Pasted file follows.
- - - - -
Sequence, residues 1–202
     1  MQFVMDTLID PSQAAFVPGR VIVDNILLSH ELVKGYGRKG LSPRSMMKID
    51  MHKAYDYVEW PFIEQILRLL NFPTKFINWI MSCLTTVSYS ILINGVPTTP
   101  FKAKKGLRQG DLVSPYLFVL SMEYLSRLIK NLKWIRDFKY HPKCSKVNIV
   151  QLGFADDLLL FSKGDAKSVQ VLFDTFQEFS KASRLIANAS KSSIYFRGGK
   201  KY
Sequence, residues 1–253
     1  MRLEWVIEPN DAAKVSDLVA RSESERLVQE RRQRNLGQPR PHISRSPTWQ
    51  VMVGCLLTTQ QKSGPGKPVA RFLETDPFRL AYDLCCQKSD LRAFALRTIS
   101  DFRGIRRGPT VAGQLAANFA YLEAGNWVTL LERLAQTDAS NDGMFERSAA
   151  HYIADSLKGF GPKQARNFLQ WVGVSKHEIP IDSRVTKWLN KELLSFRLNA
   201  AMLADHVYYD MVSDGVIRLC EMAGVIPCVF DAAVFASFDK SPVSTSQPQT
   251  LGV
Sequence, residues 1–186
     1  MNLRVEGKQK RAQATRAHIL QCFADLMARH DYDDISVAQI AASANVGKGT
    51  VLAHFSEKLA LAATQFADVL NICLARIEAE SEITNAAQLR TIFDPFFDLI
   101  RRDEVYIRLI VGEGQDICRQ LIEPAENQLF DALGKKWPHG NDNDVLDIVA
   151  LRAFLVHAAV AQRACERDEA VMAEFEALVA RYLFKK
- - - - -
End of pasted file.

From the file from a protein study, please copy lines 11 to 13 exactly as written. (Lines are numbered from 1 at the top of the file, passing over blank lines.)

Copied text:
   151  HYIADSLKGF GPKQARNFLQ WVGVSKHEIP IDSRVTKWLN KELLSFRLNA
   201  AMLADHVYYD MVSDGVIRLC EMAGVIPCVF DAAVFASFDK SPVSTSQPQT
   251  LGV